Known for its natural lagoons and water network, the city’s waterways served as the base for its fishing industry up until the early 20th century. A rapid expansion of urban growth in Taiwan, prompted by land reclamation and urban planning, has seen the shipping and fishing industry moved further inland. The plan for the green corridor aims to re-establish a waterfront connection and revive the area by demolishing the existing China-Town Mall that currently blights the region.
"This flooded old mall is going to be a poetic lagoon and a hip urban pool: a symbolic act," said MVRDV co-founder Winy Maas. "The connection with the waterfront will be completed by a green promenade and an artificial beach along the canal so as to celebrate the re-established view to the sea and the removal of the shopping mall, which previously obscured it."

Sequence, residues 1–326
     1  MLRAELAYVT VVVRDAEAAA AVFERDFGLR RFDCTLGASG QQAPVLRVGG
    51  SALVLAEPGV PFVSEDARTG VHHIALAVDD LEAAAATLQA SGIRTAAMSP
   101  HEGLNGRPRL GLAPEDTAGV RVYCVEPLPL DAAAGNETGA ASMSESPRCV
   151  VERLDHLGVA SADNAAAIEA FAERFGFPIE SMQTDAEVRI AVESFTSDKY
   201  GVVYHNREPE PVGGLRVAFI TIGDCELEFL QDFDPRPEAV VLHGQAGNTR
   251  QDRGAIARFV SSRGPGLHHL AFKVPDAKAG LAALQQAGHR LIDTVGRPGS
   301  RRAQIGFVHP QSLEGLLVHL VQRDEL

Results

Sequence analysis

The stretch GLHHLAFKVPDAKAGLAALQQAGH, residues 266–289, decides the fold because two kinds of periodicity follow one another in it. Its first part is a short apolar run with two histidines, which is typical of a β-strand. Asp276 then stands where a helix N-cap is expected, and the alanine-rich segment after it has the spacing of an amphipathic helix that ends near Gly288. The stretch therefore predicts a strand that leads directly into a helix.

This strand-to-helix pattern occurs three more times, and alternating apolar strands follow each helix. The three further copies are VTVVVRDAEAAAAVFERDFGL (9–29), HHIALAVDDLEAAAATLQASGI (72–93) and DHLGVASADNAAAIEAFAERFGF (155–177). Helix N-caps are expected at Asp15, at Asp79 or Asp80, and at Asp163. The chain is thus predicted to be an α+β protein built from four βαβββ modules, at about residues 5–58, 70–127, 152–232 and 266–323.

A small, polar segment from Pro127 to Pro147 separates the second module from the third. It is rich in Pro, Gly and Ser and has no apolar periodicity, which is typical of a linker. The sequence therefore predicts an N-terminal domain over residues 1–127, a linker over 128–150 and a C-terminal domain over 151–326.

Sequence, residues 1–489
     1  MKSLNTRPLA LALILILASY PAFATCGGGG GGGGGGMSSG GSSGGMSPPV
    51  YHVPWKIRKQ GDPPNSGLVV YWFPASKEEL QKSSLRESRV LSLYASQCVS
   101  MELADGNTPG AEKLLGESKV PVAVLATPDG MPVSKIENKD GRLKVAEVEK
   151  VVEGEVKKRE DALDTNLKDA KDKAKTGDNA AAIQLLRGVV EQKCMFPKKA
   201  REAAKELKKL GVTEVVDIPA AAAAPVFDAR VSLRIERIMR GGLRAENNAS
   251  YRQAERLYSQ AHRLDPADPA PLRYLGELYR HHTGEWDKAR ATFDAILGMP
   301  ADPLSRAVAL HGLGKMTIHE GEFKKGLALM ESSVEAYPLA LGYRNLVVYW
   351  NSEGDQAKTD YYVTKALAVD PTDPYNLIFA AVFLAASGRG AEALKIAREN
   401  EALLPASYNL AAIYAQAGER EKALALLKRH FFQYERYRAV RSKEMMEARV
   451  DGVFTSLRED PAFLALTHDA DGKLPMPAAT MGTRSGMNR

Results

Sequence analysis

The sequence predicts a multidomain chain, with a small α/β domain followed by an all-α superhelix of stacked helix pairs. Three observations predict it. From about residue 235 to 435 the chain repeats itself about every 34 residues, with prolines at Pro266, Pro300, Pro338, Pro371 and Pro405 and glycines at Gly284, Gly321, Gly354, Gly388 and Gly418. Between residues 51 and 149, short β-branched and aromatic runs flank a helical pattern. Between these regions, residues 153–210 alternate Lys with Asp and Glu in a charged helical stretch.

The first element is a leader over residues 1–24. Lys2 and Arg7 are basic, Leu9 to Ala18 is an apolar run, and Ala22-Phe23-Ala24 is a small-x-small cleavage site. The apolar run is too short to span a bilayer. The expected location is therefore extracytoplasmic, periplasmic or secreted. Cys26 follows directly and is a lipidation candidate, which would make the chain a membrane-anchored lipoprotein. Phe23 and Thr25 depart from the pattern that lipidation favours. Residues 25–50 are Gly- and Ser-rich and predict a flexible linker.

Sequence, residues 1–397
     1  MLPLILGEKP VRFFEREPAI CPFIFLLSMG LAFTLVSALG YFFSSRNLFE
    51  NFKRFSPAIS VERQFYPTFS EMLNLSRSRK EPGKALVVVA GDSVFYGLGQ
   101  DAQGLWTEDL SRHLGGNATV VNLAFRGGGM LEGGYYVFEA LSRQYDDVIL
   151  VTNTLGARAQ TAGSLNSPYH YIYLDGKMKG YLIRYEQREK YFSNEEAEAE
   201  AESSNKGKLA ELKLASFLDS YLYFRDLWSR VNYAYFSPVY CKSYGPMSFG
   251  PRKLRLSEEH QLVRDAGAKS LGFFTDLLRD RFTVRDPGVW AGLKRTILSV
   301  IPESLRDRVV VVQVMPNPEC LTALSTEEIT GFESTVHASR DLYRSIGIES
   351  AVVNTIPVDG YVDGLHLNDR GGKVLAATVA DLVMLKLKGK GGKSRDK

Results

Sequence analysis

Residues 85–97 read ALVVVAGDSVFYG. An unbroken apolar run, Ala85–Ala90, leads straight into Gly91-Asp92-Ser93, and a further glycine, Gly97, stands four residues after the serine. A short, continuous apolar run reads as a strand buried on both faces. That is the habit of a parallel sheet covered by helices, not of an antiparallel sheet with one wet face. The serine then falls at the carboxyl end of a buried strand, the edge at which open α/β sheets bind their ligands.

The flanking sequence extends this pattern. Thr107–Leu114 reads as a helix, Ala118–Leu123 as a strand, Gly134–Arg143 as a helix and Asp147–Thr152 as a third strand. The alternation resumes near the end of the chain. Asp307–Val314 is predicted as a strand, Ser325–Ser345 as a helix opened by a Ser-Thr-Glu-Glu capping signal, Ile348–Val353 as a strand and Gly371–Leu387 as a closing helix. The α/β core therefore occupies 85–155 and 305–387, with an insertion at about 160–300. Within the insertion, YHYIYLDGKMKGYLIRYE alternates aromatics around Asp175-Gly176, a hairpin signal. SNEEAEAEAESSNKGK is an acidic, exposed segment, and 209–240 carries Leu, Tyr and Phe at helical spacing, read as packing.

The new public space will provide tourists and locals alike with a series of amenities, including a public square, commercial units, a point of contact for tourist information, a tea house and an art gallery. The new lagoon to be built into the centre of the space will also include dunes and a playground, and will be landscaped with native flora. The landscape designers on the project are local firm Progressive Environmental Inc from Taipei.
New transport nodes will be constructed, assisting in the redirection of the current flow of traffic, to create a more pedestrian friendly zone that will encourage use of the public space and established activities targeted for the area. The area will be completely closed to traffic during the evenings, further encouraging tourists, locals and businesses to expand out into the space and make full use of the amentities.
The new plan will also incorporate the existing civil infrastructure, folding it into its design. New pathways will be designed to connect to existing corridors and assist in navigation around the new area. Ventilation shafts, elevators, carpark entrances and the like will be wrapped in glass skins and extended to create pavilions and kiosks, further creating a harmony between the inner areas of the city and the new corridor to the waterfront.
The project is scheduled to begin construction in late 2016.